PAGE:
Risk of adverse events in patients prescribed long-term opioids: A cohort study in the UK Clinical Practice Research Datalink

John Bedson*, Ying Chen, Julie Ashworth, Richard A. Hayward, Kate M. Dunn, Kelvin P. Jordan

*Corresponding author for this work

Research output: Contribution to journalArticlepeer-review

54 Citations (Scopus)


Background: Long-term opioid prescribing for musculoskeletal pain is controversial due to uncertainty regarding effectiveness and safety. This study examined the risks of a range of adverse events in a large cohort of patients prescribed long-term opioids using the UK Clinical Practice Research Datalink. Methods: Patients with musculoskeletal conditions starting a new long-term opioid episode (defined as ≥3 opioid prescriptions within 90 days) between 2002 and 2012 were included. Primary outcomes: major trauma and intentional overdose (any). Secondary outcomes: addiction (any), falls, accidental poisoning, attempted suicide/self-harm, gastrointestinal pathology and bleeding, and iron deficiency anaemia. “Control” outcomes (unrelated to opioid use): incident eczema and psoriasis. Results: A total of 98,140 new long-term opioids users (median age 61, 41% male) were followed for (median) 3.4 years. Major trauma risk increased from 285 per 10,000 person-years without long-term opioids to 369/10,000 for a long-term opioid episode (<20 mg MED), 382/10,000 (20–50 mg MED), and 424/10,000 (≥50 mg MED). Adjusted hazard ratios were 1.09 (95% CI; 1.04, 1.14 for <20 mg MED vs. not being in an episode of long-term prescribing), 1.24 (95% CI; 1.16, 1.32: 20–50 mg MED) and 1.34 (95% CI; 1.20, 1.50: ≥50 mg MED). Significant dose-dependent increases in the risk of overdose (any type), addiction, falls, accidental poisoning, gastrointestinal pathology, and iron deficiency anaemia were also found. Conclusions: Patients prescribed long-term opioids are vulnerable to dose-dependent serious adverse events. Opioid prescribing should be reviewed before long-term use becomes established, and periodically thereafter to ensure that patients are not being exposed to increased risk of harm, which is not balanced by therapeutic benefit. Significance: Long-term opioid use is associated with serious adverse events such as major trauma, addiction and overdose. The risk increases with higher opioid doses. Opioid prescribing should be reviewed before long-term use becomes established, and periodically thereafter to assess ongoing effectiveness.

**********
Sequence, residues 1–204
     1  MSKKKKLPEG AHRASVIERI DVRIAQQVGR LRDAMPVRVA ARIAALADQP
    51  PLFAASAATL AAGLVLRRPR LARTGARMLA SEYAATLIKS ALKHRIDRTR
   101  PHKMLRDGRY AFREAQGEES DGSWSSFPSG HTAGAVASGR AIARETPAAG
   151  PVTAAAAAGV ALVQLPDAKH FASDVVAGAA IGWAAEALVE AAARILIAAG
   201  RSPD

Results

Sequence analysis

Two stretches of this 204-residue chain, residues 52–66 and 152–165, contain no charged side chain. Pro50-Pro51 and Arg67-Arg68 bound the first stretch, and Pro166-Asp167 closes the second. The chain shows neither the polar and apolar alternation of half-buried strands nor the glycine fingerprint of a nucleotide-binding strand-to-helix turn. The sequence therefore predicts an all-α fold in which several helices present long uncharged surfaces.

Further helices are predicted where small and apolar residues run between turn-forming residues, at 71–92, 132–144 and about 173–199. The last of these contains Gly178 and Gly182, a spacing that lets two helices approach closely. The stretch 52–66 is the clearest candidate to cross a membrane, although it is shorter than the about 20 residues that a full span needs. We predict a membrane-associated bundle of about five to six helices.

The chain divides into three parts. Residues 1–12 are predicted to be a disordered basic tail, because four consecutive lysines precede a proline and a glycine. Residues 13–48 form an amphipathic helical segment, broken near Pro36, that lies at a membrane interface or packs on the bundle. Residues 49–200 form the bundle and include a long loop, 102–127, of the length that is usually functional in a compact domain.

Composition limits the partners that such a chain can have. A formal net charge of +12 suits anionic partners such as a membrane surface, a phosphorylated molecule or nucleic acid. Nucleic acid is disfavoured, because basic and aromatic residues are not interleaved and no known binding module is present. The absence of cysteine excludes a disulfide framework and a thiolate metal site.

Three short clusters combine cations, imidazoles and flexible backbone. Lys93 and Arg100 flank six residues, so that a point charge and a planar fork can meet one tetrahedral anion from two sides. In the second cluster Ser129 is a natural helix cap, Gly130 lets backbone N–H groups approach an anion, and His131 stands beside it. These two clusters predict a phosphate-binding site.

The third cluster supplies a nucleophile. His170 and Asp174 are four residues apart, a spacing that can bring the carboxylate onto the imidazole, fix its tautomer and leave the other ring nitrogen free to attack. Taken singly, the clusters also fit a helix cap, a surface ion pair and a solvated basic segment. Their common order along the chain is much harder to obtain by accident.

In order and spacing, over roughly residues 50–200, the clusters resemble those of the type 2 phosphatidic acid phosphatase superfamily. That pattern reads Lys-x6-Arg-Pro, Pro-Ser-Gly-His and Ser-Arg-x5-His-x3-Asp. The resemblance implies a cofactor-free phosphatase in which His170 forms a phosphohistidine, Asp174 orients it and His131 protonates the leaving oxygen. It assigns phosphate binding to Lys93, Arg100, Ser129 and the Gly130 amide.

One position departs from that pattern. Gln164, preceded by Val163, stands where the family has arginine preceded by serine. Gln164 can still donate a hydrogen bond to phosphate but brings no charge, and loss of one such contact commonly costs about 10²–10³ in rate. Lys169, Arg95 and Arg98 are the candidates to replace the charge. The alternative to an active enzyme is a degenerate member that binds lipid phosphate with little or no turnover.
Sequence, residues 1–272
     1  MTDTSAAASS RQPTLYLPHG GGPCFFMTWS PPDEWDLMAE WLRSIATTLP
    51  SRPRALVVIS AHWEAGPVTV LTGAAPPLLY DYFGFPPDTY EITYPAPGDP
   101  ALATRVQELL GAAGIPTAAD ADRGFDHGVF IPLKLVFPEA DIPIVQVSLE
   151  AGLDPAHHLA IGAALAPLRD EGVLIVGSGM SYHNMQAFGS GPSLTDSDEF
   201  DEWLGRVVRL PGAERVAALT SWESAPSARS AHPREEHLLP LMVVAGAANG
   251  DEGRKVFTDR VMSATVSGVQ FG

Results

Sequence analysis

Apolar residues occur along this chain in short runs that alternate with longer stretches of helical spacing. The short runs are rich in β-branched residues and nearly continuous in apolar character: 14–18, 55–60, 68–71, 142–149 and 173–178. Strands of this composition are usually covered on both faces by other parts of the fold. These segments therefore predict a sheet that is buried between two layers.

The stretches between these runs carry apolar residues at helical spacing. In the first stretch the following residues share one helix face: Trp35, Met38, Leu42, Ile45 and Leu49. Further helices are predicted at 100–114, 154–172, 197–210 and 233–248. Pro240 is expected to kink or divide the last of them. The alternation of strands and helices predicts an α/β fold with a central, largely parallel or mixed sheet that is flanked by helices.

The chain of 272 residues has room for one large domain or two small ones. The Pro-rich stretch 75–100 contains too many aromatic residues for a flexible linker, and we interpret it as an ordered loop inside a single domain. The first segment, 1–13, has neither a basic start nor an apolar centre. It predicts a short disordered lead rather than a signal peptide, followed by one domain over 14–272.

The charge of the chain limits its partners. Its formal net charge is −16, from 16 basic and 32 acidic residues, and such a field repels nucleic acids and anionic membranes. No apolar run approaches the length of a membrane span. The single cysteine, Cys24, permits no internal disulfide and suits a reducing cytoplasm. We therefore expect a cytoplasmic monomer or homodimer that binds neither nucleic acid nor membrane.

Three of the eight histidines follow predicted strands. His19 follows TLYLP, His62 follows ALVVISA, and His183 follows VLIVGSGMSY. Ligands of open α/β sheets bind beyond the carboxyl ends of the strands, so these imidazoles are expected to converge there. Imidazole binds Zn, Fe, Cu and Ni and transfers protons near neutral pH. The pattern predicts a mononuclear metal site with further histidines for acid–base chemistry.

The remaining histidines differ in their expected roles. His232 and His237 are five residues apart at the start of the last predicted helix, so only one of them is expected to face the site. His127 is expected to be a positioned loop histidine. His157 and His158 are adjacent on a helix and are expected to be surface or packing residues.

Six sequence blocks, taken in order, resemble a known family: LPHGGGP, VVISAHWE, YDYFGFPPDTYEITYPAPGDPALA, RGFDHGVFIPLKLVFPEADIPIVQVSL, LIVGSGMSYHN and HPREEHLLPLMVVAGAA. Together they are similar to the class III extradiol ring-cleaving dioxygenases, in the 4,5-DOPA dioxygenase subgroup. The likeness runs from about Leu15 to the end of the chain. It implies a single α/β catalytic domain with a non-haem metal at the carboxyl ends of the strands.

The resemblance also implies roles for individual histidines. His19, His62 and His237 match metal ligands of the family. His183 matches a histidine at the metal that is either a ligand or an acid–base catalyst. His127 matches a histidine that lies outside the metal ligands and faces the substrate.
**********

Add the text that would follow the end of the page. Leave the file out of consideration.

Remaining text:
Original languageEnglish
Pages (from-to)908-922
Number of pages15
JournalEuropean Journal of Pain (United Kingdom)
Issue number5
Publication statusPublished - May 2019
Externally publishedYes

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